• You will also need any payouts you received such as lump-sum distributions. You might have gathered this with your income related documents, so go ahead and put it in a separate pile. This type of distribution is not considered income, but may still be taxable.

5. Social Security Documents

  • Collect social security information for everyone in the household you will be claiming on your return.  The social security number is required to ensure that each child/dependent is only claimed once. If you have a young child, it might be necessary to apply for a social security number. IMPORTANT: You must have a social security number for all dependents before any applicable tax credits will apply. This includes credits such as Earned Income Credit (EIC), Child/Dependent Care Credit, and Child Tax Credit.

6. Charitable Donations

  • Collect information regarding charitable donations. It’s becoming more important with each passing year to be able to detail and substantiate your charitable donations. Receipts are especially important. Taking pictures of donated items isn’t necessary, but recommended. Cancelled checks and credit card statements are also important.

7. Review Last Year

  • Review last year’s tax return. Last year’s return can be useful. You might find a carry forward from last year that should be applied to your current tax return. This is especially true for business gains/losses and depreciation.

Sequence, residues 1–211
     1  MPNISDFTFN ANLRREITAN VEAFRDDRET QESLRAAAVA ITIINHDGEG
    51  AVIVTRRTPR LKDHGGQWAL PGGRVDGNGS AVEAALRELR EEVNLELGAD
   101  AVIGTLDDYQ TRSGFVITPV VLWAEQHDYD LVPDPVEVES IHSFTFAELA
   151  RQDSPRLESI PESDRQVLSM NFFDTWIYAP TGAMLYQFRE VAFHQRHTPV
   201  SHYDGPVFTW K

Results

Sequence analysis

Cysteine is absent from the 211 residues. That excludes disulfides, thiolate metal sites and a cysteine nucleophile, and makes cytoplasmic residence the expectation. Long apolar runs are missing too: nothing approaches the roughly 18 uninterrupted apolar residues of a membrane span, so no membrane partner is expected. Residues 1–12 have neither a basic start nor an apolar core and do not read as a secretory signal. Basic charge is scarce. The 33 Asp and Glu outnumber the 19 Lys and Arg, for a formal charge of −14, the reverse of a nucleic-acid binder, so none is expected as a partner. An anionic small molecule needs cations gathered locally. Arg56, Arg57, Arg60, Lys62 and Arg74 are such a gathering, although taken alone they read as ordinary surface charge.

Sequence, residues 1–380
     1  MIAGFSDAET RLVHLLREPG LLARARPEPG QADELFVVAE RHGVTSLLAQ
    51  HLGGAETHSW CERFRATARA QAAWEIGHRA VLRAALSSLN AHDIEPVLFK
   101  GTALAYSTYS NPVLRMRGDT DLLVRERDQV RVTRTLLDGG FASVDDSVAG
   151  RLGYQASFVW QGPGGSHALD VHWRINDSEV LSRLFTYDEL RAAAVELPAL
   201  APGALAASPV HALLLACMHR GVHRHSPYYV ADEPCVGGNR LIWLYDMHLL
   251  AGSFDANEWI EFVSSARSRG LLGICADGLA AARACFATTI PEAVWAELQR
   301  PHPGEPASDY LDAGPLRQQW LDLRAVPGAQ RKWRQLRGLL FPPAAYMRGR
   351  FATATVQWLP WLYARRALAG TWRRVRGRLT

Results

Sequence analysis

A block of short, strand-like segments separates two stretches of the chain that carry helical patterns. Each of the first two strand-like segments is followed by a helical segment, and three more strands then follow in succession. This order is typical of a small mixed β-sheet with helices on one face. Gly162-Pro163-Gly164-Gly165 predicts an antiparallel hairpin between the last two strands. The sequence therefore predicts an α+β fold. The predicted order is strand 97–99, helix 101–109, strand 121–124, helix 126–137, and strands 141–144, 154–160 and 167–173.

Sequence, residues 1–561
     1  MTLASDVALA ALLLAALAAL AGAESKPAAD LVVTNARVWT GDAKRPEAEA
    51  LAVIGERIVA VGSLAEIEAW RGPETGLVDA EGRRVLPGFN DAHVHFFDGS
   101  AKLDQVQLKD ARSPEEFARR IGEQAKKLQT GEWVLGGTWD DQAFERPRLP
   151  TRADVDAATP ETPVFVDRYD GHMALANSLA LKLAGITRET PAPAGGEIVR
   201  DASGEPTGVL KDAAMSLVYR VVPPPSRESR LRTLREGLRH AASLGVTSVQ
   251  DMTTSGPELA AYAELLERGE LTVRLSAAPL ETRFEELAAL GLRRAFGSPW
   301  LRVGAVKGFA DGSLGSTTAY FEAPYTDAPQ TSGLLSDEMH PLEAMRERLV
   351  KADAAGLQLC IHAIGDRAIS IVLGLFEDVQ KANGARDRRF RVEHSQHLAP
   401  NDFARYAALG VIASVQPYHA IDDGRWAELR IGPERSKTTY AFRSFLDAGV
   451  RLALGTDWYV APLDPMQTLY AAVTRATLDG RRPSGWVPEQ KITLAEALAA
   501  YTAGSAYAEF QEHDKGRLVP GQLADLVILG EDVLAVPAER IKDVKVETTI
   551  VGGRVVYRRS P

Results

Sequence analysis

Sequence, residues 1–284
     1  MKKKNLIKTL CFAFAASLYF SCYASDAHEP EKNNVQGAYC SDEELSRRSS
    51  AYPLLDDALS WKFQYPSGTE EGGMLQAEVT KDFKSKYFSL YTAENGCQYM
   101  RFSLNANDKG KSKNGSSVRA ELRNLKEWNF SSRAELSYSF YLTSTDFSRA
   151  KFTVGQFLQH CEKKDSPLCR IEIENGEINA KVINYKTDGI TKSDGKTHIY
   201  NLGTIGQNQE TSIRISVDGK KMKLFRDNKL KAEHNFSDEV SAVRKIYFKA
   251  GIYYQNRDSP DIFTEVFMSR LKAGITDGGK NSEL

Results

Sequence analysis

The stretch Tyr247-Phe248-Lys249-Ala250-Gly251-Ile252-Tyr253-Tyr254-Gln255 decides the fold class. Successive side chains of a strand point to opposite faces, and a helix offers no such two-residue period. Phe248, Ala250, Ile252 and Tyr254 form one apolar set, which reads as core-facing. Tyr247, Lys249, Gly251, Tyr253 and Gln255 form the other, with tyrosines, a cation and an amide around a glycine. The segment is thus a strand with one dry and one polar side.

Filing taxes doesn’t have to be a stressful process. Organization is the key. Keep track of your important documents and receipts. Take pictures of items you’re donating.

Make next year better than this year. After your return is filed, develop a system to manage your documents and receipts for next year. Choose a place to store everything you’ll need for the next time. A small amount of preparation can make everything easier in the future. When tax season rolls around, you’ll be ready to go!

tax prep

Hire a Tax Preparer or Go It Alone?

tax prep

Hire a Tax Preparer or Go It Alone?

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Albert Einstein once said, "The hardest thing in the world to understand is the income tax".

But more and more people are making the move to doing their taxes at home. With programs like 1040.com andFreeTaxUSA available, the process can be simplified and the refund swift in coming. However, going it alone is not always the wisest or most cost-efficient choice.

Let’s weigh some of the key factors in determining whether you should go it alone, or enlist the aid of a professional tax preparer.

Is it worth your time?
For the self-employed, it may be more advantageous to enlist the services of a professional tax preparer or Certified Public Accountant (CPA). Doing your own taxes, especially those related to a business, takes time. And, time is money.

Do you have the knowledge to glean all of the tax-related benefits involved in owning your own business?